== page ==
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The Strathprints institutional repository is a digital archive of University of Strathclyde's Open Access research outputs. Strathprints provides access to thousands of Open Access research papers by University of Strathclyde researchers, including by researchers from the Department of Computer & Information Sciences involved in mathematically structured programming, similarity and metric search, computer security, software systems, combinatronics and digital health.

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c-Src is involved in regulating signal transmission from PDGFbeta receptor-GPCR(s) complexes in mammalian cells

Waters, Catherine M and Connell, Michelle C and Pyne, Susan and Pyne, Nigel J (2005) c-Src is involved in regulating signal transmission from PDGFbeta receptor-GPCR(s) complexes in mammalian cells. Cellular Signalling, 17 (2). pp. 263-277. ISSN 1873-3913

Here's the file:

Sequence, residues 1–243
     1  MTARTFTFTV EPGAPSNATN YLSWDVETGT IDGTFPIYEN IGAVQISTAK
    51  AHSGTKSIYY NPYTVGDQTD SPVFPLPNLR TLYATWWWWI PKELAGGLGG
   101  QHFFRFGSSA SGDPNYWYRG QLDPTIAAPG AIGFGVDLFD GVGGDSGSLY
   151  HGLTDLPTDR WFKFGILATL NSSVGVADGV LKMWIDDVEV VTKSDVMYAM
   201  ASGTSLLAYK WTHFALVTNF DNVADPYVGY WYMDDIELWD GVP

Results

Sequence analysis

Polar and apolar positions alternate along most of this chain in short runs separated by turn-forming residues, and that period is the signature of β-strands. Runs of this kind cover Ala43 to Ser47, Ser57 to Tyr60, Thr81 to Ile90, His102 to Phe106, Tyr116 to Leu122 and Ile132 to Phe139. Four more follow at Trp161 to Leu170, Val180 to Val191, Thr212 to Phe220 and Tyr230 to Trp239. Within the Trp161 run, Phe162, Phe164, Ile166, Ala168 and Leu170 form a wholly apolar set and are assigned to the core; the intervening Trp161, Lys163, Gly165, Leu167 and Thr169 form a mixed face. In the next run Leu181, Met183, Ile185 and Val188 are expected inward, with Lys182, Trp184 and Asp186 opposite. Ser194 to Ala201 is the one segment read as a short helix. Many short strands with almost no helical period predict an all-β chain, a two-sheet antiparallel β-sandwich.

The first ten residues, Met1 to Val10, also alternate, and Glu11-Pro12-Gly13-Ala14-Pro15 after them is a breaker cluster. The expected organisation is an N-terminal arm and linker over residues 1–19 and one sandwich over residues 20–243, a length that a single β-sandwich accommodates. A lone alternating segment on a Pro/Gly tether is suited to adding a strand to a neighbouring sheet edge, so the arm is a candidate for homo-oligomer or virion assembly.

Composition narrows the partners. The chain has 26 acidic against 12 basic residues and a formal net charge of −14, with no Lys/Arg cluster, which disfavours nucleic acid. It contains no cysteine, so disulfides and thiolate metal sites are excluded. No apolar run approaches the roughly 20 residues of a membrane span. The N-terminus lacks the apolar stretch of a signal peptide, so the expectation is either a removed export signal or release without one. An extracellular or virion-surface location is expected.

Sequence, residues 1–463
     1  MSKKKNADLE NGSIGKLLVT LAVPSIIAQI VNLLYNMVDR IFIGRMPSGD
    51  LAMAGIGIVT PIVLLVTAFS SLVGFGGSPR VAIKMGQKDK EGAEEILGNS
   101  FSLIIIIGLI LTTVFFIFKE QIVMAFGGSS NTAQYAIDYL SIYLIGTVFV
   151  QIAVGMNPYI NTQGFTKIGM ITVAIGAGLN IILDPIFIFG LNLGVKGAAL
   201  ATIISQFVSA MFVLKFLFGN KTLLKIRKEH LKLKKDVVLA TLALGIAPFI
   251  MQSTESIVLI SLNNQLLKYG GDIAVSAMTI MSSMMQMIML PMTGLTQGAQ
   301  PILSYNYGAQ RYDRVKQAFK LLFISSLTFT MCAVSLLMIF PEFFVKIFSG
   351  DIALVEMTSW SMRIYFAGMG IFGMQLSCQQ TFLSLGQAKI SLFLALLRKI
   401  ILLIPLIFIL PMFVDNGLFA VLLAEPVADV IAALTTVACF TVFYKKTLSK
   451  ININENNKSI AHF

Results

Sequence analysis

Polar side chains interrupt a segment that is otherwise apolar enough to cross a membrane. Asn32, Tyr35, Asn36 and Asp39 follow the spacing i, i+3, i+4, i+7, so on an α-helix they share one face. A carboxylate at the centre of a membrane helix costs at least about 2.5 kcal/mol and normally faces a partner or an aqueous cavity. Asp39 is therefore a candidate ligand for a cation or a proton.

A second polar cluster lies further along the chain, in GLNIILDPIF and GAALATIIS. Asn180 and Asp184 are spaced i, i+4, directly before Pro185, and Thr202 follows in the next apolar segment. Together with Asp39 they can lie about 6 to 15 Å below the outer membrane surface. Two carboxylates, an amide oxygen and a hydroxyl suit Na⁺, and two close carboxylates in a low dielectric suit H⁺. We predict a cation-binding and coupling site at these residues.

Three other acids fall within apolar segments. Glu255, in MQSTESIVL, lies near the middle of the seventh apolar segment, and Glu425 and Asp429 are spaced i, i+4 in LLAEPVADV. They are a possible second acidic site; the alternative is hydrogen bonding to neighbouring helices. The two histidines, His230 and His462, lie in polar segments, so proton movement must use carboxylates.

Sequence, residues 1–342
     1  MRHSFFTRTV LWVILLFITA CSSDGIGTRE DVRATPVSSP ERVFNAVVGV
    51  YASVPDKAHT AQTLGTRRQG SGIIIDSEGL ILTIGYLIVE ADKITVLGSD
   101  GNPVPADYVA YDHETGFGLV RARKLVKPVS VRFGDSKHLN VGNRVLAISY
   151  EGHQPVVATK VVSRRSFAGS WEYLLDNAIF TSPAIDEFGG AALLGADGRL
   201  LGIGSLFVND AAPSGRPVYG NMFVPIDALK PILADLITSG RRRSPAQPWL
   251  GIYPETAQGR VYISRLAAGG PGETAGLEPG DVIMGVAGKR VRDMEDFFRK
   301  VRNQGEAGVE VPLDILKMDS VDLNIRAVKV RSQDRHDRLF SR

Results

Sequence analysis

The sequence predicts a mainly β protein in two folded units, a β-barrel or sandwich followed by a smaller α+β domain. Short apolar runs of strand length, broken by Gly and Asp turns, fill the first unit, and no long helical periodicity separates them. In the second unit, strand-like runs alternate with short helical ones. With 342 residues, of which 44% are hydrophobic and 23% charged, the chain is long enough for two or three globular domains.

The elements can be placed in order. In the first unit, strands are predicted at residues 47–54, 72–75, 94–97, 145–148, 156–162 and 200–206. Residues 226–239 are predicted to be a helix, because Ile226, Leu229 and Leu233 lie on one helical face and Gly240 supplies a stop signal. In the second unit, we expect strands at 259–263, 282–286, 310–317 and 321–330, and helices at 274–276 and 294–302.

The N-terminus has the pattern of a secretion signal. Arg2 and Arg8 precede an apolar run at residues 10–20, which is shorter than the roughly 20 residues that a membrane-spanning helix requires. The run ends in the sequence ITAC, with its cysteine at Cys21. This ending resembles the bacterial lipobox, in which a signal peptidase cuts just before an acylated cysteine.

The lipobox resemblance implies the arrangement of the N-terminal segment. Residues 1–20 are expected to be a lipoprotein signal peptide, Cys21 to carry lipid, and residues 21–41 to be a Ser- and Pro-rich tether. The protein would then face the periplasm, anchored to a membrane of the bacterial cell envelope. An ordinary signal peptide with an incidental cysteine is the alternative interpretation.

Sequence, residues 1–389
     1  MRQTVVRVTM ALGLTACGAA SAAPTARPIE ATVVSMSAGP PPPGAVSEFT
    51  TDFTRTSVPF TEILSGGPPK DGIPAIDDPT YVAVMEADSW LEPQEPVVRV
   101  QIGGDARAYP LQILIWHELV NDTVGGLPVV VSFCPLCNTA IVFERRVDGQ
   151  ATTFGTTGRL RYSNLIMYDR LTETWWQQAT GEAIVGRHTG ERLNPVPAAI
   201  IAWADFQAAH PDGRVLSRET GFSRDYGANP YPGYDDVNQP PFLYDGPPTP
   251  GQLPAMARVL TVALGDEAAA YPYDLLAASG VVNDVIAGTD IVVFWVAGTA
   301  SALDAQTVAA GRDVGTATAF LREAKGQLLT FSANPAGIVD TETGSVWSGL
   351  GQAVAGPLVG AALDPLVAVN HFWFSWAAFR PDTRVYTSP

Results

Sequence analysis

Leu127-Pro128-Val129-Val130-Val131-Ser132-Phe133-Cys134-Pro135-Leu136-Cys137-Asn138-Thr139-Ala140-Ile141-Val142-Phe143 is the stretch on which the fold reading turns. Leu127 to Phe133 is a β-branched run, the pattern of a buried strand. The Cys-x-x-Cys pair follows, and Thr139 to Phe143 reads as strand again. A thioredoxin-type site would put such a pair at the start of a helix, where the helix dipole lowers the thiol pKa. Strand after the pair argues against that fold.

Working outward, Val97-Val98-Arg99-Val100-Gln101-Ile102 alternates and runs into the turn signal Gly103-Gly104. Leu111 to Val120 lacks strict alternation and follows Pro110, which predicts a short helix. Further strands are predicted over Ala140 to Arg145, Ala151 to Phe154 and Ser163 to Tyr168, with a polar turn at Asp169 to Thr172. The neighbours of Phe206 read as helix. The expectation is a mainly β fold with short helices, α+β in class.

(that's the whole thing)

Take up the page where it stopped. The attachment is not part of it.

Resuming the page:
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Abstract

We have reported that the platelet-derived growth factor receptor-beta (PDGFbeta) forms a novel signaling complex with G protein-coupled receptors (GPCR) (e.g. S1P(1) receptor) that enables more efficient activation of p42/p44 mitogen-activated protein kinase (MAPK) in response to PDGF and sphingosine 1-phosphate (S1P). We now demonstrate that c-Src participates in regulating the endocytosis of PDGFbeta receptor-GPCR complexes in response to PDGF. This leads to association of cytoplasmic p42/p44 MAPK with the receptor complex in endocytic vesicles. c-Src is regulated by G protein betagamma subunits and can interact with beta-arrestin. Indeed, the PDGF-dependent activation of p42/p44 MAPK was reduced by over-expression of the C-terminal domain of GRK2 (sequesters Gbetagamma subunits), the clathrin-binding domain of beta-arrestin and by inhibitors of c-Src and clathrin-mediated endocytosis. Moreover, PDGF and S1P induce the recruitment of c-Src to the PDGFbeta receptor-S1P(1) receptor complex. This leads to a G protein/c-Src-dependent tyrosine phosphorylation of Gab1 and accumulation of dynamin II at the plasma membrane, a step required for endocytosis of the PDGFbeta receptor-GPCR complex. These findings provide important information concerning the molecular organisation of novel receptor tyrosine kinase (RTK)-GPCR signal relays in mammalian cells.